D.C. Law Firm Hired by German Government to Threaten Its Lawmakers with Prosecution if They Speak to Edward Snowden
Members of Germany’s parliament are still smarting over last year’s revelations that the U.S. National Security Agency (NSA) spied on German citizens—including the phone calls of Chancellor Angela Merkel. The German leader, once publicly upset herself over the news, has chosen to mend ties with Washington, which would explain a confrontation between Merkel and lawmakers.
Members of parliament intent on learning more about the NSA surveillance have said they want whistleblower Edward Snowden, whose leaks exposed the spying on Germany and other U.S. allies, to testify before a special committee investigating the issue. Merkel’s government, however, is aghast at the idea of Snowden’s testimony, fearing it would only stir more trouble for the German-American alliance.
Officials have expressed their displeasure to the lawmakers, who refused to back down on their request to have Snowden appear before the committee—either in person or perhaps by videoconferencing, as he exiled himself to Russia and risks being arrested if he steps foot in any U.S. allied nation.
Merkel’s government upped the stakes in the standoff and hired a Washington-based law firm to threaten lawmakers if they take Snowden’s testimony.
A letter from attorney Jeffrey Harris of Rubin, Winston, Diercks, Harris & Cooke warned: “We are of the opinion that if Snowden provides classified information or documents to the Bundestag or to German diplomats who interview Snowden, such acts give rise to criminal exposure under the laws of the United States. The United States would have jurisdiction to prosecute these acts regardless of where they occur. The fact that German legislators have immunity under German laws would not shield them from prosecution in the United States.”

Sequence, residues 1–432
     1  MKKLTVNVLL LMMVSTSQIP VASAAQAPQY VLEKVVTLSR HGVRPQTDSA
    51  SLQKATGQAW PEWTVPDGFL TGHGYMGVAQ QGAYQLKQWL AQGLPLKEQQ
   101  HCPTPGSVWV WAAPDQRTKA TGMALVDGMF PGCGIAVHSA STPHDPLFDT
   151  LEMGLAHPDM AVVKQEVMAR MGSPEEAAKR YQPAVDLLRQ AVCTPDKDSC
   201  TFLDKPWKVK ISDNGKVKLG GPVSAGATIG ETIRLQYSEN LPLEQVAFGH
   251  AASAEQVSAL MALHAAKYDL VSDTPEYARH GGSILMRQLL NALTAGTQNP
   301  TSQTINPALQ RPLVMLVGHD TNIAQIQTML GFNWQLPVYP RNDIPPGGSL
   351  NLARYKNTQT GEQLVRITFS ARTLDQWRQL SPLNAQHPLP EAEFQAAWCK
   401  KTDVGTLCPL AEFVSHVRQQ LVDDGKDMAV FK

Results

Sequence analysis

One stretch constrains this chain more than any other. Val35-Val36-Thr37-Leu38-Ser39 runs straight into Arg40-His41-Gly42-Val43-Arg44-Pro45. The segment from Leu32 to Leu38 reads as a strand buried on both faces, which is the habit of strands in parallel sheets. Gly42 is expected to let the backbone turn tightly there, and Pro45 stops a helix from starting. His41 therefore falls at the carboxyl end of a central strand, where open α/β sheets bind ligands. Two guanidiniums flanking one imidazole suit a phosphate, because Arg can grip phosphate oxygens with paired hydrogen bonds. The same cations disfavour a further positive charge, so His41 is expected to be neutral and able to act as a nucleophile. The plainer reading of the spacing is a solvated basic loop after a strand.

Techdirt opined that the threat probably won’t sit well with German lawmakers:
“This should be deeply offensive to pretty much everyone in the German government—even if the letter was apparently commissioned by the German government. The idea that they might face criminal prosecution for the simple act of investigating how the U.S. spied on the German government is insulting in the extreme.”
Snowden’s American lawyer Ben Wizner told Der Spiegel that such a conclusion—that U.S. officials might try to hold German politicians criminally liable—is “beyond absurd.” In addition, he said, Snowden “didn't offer to reveal as a witness new surveillance activities that have not been disclosed yet by journalists.”
To Learn More:
German Lawmakers Decide to Quiz Snowden (by Hans-Edzard Busemann, Madeline Chambers and Stephen Brown; Reuters)
German Chancellor Confronts Obama over Alleged NSA Monitoring of Her Cell Phone (by Noel Brinkerhoff and Danny Biederman, AllGov)
Concerned U.S. Allies Want Privacy Guarantees in Wake of NSA Revelations (by Noel Brinkerhoff, AllGov)
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